- Features and Benefits
- Using Ambassador Edge Stack in Your Organization
- Ambassador Edge Stack vs. Other Software
- Certified Builds
- Ambassador Edge Stack Architecture
- Ambassador Edge Stack Deployment Architecture
- Continuous Delivery, Declarative Config, and GitOps
- Microservices API Gateways
- Rate Limiting Concepts
- Self-Service Routing and Deployment Control
- Safely Testing in Production
- OAuth & OIDC Overview
- Why Ambassador Edge Stack Uses Envoy Proxy (External Link)
- Configuring Ambassador Edge Stack
- Mapping Services
- Canary Releases
- Circuit Breakers
- Cross Origin Resource Sharing
- Header-based routing
- Host Header
- Host CRD
- Prefix Regex
- Rate Limits
- Remove Request Headers
- Remove Response Headers
- Add Request Headers
- Add Response Headers
- Automatic Retries
- Routing TCP Connections
- Traffic Shadowing
- Developer Portal
- Filter Reference
- Statistics and Monitoring
Ambassador Edge Stack can be configured to both provide certificates from upstream services, and to validate them. This behavior is called mutual TLS (mTLS) and is commonly done when using a service mesh to enforce end-to-end TLS for all services in your cluster.
To configure mTLS between Ambassador Edge Stack and your upstream services, you need to create a
TLSContext with certificates that are signed by the Certificate Authority (CA) of your upstream service.
Below are examples of how to configure Ambassador Edge Stack to do mTLS with two popular service meshes, Istio and Consul Connect.
Istio stores its TLS certificates as Kubernetes secrets by default, so accessing them is a matter of YAML configuration changes.
- Load Istio's TLS certificates
Istio creates and stores its TLS certificates in a form that Ambassador Edge Stack is currently unable to automatically read. Because of this, you will need to mount the
istio.default secret in a volume in the Ambassador Edge Stack container. This is done by configuring a
volumeMount in the Ambassador Edge Stack deployment manifest.
---apiVersion: apps/v1kind: Deploymentmetadata:name: ambassadorspec:...volumeMounts:- mountPath: /etc/istiocerts/name: istio-certsreadOnly: truerestartPolicy: Alwaysvolumes:- name: istio-certssecret:optional: truesecretName: istio.default
TLSContextto load these certificates---apiVersion: getambassador.io/v2kind: TLSContextmetadata:name: istio-upstreamspec:cert_chain_file: /etc/istiocerts/cert-chain.pemprivate_key_file: /etc/istiocerts/key.pemcacert_chain_file: /etc/istiocerts/root-cert.pem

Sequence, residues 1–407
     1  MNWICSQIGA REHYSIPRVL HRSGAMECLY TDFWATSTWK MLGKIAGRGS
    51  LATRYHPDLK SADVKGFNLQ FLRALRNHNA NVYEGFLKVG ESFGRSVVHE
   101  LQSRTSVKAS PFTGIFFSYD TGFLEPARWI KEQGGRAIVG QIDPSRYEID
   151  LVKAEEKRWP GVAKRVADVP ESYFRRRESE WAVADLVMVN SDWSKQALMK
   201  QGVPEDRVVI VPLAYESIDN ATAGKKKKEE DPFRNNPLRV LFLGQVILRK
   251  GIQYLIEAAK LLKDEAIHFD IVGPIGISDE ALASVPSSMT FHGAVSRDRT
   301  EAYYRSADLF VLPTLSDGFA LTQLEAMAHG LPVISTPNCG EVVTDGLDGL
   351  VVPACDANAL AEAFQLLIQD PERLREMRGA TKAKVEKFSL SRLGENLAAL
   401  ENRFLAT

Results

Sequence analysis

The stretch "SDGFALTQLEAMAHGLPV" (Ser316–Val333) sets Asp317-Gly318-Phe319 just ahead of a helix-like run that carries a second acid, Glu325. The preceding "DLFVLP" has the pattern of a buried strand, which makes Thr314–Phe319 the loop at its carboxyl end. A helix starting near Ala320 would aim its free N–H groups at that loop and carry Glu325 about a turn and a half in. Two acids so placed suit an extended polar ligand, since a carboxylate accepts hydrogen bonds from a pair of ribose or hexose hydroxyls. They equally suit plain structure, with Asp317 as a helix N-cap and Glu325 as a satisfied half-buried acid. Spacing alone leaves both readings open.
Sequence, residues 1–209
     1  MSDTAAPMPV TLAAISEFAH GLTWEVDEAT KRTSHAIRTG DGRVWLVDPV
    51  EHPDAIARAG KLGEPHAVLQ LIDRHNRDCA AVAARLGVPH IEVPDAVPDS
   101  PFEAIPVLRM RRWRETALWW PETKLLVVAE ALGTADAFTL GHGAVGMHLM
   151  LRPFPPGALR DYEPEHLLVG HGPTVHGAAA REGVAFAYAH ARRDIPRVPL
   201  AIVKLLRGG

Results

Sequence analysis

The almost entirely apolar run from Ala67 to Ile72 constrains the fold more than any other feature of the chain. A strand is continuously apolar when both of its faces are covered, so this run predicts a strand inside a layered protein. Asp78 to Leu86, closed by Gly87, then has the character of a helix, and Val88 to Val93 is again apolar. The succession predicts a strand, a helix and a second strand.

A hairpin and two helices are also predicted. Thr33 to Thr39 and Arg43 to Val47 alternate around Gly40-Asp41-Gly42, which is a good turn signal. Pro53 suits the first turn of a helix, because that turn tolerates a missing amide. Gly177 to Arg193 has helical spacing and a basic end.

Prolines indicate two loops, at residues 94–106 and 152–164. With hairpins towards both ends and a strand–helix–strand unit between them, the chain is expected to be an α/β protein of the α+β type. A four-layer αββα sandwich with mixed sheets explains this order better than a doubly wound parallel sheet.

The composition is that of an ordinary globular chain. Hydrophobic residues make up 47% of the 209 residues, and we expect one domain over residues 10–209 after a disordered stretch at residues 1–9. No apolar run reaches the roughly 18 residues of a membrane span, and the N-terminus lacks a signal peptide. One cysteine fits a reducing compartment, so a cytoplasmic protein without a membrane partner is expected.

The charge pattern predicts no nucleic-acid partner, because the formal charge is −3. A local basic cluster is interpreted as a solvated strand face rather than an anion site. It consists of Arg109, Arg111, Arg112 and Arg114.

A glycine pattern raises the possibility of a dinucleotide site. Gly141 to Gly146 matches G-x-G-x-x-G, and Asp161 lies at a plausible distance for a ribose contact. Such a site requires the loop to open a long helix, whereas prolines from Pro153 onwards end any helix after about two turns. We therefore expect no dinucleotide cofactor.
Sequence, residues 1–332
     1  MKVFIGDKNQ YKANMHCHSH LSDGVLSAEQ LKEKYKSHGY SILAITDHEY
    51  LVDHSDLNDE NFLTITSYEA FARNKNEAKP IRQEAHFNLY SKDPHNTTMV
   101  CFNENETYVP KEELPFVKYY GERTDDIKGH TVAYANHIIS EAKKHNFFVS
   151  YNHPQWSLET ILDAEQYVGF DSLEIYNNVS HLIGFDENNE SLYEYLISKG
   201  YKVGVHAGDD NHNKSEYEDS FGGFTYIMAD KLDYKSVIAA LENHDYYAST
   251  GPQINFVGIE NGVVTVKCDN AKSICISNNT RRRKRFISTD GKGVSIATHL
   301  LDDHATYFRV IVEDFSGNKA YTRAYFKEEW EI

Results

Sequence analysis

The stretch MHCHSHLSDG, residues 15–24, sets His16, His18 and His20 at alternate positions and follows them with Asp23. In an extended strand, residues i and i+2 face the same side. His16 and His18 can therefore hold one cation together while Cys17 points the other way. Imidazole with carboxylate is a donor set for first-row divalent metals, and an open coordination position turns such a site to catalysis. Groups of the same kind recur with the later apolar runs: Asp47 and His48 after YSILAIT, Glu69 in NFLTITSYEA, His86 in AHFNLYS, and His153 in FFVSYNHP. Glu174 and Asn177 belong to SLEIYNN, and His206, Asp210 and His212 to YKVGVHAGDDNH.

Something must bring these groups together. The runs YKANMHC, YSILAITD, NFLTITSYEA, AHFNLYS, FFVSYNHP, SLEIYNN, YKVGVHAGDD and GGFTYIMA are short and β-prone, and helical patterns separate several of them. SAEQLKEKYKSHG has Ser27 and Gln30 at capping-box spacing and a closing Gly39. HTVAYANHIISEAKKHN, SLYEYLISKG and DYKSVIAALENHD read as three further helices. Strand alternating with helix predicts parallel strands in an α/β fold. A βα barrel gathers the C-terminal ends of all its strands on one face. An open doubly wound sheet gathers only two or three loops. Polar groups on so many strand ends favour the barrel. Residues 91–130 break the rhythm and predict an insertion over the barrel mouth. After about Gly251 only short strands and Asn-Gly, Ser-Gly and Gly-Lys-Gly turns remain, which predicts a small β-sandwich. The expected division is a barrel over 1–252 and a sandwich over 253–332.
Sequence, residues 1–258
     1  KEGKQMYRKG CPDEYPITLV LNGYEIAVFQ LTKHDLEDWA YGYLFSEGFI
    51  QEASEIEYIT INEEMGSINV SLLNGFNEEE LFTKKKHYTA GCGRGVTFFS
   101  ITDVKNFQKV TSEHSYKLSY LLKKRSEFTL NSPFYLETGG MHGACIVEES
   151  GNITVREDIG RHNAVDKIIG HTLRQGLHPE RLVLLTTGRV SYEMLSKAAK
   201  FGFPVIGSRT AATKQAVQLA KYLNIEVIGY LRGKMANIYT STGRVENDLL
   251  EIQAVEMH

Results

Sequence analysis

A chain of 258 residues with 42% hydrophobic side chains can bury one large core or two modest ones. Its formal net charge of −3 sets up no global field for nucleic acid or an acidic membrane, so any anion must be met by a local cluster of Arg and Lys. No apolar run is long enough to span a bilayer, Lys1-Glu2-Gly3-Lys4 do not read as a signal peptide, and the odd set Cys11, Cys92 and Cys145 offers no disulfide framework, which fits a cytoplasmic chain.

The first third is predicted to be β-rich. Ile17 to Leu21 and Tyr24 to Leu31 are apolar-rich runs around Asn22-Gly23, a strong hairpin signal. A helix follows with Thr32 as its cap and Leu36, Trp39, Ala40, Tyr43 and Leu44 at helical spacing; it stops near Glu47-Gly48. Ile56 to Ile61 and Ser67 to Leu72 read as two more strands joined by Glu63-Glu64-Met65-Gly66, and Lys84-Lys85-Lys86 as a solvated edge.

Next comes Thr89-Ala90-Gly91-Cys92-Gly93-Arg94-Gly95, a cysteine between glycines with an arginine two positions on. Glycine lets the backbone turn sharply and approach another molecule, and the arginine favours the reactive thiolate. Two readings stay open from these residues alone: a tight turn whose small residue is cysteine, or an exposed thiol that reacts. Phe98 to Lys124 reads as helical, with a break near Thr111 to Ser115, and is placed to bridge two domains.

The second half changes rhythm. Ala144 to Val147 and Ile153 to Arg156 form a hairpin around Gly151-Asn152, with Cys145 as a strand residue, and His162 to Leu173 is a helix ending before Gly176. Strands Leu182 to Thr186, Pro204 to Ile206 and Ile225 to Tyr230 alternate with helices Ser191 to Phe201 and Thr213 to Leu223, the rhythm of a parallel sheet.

Configure Ambassador Edge Stack to use this
TLSContextwhen making connections to upstream services.
tlsattribute in a
Mappingconfiguration tells Ambassador Edge Stack to use the
TLSContextwe created above when making connections to upstream services.---apiVersion: getambassador.io/v2kind: Mappingmetadata:name: productpagespec:prefix: /productpage/rewrite: /productpageservice: https://productpage:9080tls: istio-upstream
Ambassador Edge Stack will now use the certificate stored in the
istio.default secret to originate TLS to istio-powered services. See the Ambassador Edge Stack with Istio documentation for an example with more information.
Since Consul does not expose TLS Certificates as Kubernetes secrets, we will need a way to export those from Consul.
Install the Ambassador Edge Stack Consul connector.kubectl apply -f https://www.getambassador.io/yaml/consul/ambassador-consul-connector.yaml
This will grab the certificate issued by Consul CA and store it in a Kubernetes secret named
ambassador-consul-connect. It will also create a Service named
ambassador-consul-connectorwhich will configure the following
TLSContext:---apiVersion: getambassador.io/v2kind: TLSContextmetadata:name: ambassador-consulspec:hosts: secret: ambassador-consul-connect
Tell Ambassador to use the
TLSContextwhen proxying requests by setting the
tlsattribute in a
Mapping---apiVersion: getambassador.io/v2kind: Mappingmetadata:name: qotm-mtlsspec:prefix: /qotm-consul-mtls/service: https://qotm-proxytls: ambassador-consul
Ambassador Edge Stack will now use the certificates loaded into the
TLSContext when proxying requests with
prefix: /qotm-consul-mtls. See the Consul example for an example configuration.
Note: The Consul connector can be configured with the following environment variables. The defaults will be best for most use-cases.
|_AMBASSADOR_ID||Set the Ambassador ID so multiple instances of this integration can run per-Cluster when there are multiple Ambassadors (Required if |
|_CONSUL_HOST||Set the IP or DNS name of the target Consul HTTP API server|
|_CONSUL_PORT||Set the port number of the target Consul HTTP API server|
|_AMBASSADOR_TLS_SECRET_NAME||Set the name of the Kubernetes |
|_AMBASSADOR_TLS_SECRET_NAMESPACE||Set the namespace of the Kubernetes ||(same Namespace as the Pod running this integration)|